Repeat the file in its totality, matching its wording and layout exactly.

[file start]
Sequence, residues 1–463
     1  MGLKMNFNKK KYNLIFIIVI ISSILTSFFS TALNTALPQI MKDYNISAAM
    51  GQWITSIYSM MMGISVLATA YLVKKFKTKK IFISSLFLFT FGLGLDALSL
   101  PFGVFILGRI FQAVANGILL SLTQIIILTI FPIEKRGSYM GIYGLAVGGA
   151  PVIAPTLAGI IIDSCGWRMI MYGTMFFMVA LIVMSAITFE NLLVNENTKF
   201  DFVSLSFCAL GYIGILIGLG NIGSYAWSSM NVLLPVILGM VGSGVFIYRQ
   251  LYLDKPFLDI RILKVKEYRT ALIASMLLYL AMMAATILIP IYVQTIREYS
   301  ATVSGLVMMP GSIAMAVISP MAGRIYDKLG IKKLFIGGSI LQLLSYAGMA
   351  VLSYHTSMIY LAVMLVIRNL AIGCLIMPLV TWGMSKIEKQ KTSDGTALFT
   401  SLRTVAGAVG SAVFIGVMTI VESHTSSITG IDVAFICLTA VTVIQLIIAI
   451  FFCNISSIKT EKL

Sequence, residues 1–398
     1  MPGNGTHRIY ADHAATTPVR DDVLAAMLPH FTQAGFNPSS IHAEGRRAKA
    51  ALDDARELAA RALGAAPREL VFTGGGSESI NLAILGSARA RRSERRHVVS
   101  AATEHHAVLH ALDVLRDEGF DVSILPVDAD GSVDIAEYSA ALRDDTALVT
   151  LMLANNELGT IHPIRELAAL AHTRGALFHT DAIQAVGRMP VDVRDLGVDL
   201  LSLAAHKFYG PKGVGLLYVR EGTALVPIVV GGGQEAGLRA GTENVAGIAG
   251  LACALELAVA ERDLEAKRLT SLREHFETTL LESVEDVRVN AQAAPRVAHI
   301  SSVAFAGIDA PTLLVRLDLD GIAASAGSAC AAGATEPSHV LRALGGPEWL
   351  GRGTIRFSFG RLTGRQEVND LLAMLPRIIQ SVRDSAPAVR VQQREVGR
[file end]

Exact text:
Sequence, residues 1–463
     1  MGLKMNFNKK KYNLIFIIVI ISSILTSFFS TALNTALPQI MKDYNISAAM
    51  GQWITSIYSM MMGISVLATA YLVKKFKTKK IFISSLFLFT FGLGLDALSL
   101  PFGVFILGRI FQAVANGILL SLTQIIILTI FPIEKRGSYM GIYGLAVGGA
   151  PVIAPTLAGI IIDSCGWRMI MYGTMFFMVA LIVMSAITFE NLLVNENTKF
   201  DFVSLSFCAL GYIGILIGLG NIGSYAWSSM NVLLPVILGM VGSGVFIYRQ
   251  LYLDKPFLDI RILKVKEYRT ALIASMLLYL AMMAATILIP IYVQTIREYS
   301  ATVSGLVMMP GSIAMAVISP MAGRIYDKLG IKKLFIGGSI LQLLSYAGMA
   351  VLSYHTSMIY LAVMLVIRNL AIGCLIMPLV TWGMSKIEKQ KTSDGTALFT
   401  SLRTVAGAVG SAVFIGVMTI VESHTSSITG IDVAFICLTA VTVIQLIIAI
   451  FFCNISSIKT EKL

Sequence, residues 1–398
     1  MPGNGTHRIY ADHAATTPVR DDVLAAMLPH FTQAGFNPSS IHAEGRRAKA
    51  ALDDARELAA RALGAAPREL VFTGGGSESI NLAILGSARA RRSERRHVVS
   101  AATEHHAVLH ALDVLRDEGF DVSILPVDAD GSVDIAEYSA ALRDDTALVT
   151  LMLANNELGT IHPIRELAAL AHTRGALFHT DAIQAVGRMP VDVRDLGVDL
   201  LSLAAHKFYG PKGVGLLYVR EGTALVPIVV GGGQEAGLRA GTENVAGIAG
   251  LACALELAVA ERDLEAKRLT SLREHFETTL LESVEDVRVN AQAAPRVAHI
   301  SSVAFAGIDA PTLLVRLDLD GIAASAGSAC AAGATEPSHV LRALGGPEWL
   351  GRGTIRFSFG RLTGRQEVND LLAMLPRIIQ SVRDSAPAVR VQQREVGR